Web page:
5 Brain Boosting Benefits of Exercise

By on June 16, 2015
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Most of us either exercise to stay physically fit or to prevent cancers and disease, but did you know that working out also improves mental health? “Exercise is the single best thing you can do for your brain in terms of mood, memory, and learning,” says Harvard Medical School psychiatrist John Ratey. “Even 10 minutes of activity changes your brain.” As if you needed another reason to stay active, here are five ways that fitness boosts your brainpower.

While we’re living in the prescription drug day in age, exercise is the most underutilized antidepressant in the world. Research shows that just 30 minutes of sweat inducing exercise can reduce symptoms of depression equally effective as antidepressants. Working out may actually stimulate the growth of neurons in the brain regions damaged by depression. Studies on animals have shown that being active boosts the production of brain molecules that improve connections between nerve cells. This process acts as a natural antidepressant.

Having a bad day? Just 30 minutes of aerobic activity like biking or running can increase levels of “soothing” brain chemicals like serotonin, dopamine, and norepinephrine. What’s most interesting is that regular exercise works on a cellular level which can reverse the roll stress has on aging, according to University of California study.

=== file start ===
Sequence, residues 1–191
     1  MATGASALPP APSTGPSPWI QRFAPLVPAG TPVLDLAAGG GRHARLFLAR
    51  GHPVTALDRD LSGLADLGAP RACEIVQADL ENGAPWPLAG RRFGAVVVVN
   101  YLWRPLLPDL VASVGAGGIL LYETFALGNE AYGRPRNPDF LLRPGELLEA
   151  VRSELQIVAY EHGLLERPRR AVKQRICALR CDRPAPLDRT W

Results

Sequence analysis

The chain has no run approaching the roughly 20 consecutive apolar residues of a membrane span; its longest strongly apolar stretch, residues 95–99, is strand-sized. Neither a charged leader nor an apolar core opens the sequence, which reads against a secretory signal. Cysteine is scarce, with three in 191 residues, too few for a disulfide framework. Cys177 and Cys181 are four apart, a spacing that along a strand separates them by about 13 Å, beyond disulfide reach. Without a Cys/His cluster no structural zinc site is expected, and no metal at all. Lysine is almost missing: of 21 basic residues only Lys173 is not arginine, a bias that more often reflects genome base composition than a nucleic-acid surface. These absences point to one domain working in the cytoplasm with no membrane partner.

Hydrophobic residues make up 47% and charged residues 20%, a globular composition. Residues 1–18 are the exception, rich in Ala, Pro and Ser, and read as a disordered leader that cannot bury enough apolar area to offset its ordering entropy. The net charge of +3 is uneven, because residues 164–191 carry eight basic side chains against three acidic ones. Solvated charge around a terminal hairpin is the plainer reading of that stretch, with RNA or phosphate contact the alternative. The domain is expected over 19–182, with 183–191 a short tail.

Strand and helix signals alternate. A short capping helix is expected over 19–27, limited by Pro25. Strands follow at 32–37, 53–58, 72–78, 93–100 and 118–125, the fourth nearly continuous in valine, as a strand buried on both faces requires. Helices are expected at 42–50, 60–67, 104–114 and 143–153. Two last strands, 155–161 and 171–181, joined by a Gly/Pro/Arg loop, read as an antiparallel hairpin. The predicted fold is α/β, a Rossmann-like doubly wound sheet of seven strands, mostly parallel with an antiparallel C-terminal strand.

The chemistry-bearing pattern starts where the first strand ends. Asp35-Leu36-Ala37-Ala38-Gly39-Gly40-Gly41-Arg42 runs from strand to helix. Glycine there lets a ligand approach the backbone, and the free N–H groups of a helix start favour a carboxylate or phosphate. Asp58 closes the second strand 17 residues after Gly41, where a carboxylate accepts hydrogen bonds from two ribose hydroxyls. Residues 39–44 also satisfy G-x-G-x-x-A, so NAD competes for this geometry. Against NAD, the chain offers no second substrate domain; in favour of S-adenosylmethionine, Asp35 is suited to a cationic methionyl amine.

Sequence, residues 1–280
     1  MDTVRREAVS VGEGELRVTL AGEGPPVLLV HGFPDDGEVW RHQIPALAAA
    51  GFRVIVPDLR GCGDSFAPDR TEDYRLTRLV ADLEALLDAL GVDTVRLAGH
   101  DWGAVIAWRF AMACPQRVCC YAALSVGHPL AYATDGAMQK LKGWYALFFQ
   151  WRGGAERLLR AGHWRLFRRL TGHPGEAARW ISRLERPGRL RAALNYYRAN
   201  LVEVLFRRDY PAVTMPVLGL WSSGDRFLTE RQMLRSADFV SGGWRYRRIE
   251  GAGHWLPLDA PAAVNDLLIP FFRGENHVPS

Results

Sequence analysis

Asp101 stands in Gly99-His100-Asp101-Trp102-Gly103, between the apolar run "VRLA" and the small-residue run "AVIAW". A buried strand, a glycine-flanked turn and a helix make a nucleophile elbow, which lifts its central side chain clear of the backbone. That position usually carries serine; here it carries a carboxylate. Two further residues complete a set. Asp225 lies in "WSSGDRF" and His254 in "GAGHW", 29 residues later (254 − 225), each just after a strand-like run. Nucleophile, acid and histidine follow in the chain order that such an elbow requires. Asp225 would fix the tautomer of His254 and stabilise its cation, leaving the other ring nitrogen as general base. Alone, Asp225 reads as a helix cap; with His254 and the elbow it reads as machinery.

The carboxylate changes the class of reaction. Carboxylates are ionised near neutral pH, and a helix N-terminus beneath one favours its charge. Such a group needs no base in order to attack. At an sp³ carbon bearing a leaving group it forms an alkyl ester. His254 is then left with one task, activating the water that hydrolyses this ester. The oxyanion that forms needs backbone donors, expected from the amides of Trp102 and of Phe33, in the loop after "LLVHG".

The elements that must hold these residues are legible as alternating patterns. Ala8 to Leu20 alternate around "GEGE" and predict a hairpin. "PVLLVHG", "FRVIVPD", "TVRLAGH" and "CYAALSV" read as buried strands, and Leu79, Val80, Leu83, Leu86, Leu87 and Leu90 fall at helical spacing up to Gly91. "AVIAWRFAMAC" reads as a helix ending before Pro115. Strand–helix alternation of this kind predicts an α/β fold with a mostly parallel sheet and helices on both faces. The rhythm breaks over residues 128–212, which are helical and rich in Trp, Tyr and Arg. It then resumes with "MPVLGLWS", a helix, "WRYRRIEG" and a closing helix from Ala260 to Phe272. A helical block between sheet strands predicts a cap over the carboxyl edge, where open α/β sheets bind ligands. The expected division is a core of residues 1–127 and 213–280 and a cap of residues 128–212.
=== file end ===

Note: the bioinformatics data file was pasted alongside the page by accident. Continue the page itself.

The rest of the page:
The mental health benefits of exercise extend to the way we see ourselves. It doesn’t take a complete body transformation to get a confidence boost from exercise. Studies indicate that just seeing fitness improvements, like completing a class that you couldn’t before or lifting more weight than you did a month ago, can improve both your self-esteem and body image.

Fitness increases the level of brain chemicals called growth factors. These chemicals help establish new connections between brain cells and make new brain cells to help us learn. Complex activities, like sports and dance, provide the biggest brain boost of all. “You’re challenging your brain even more when you have to think about coordination,” says Ratey. “Like muscles, you have to stress your brain cells to get them to grow.”

A study at the University of Bonn has confirmed that the “runner’s high” really does exist. The feeling of euphoria is most prevalent when engaging in intense exercise and is caused a release of endorphins. Ratey recommends high intensity interval training. Perform any exercise for intense shorts bursts followed by periods of active recovery. “You’ll feel really sparkly for the rest of the day,” he says.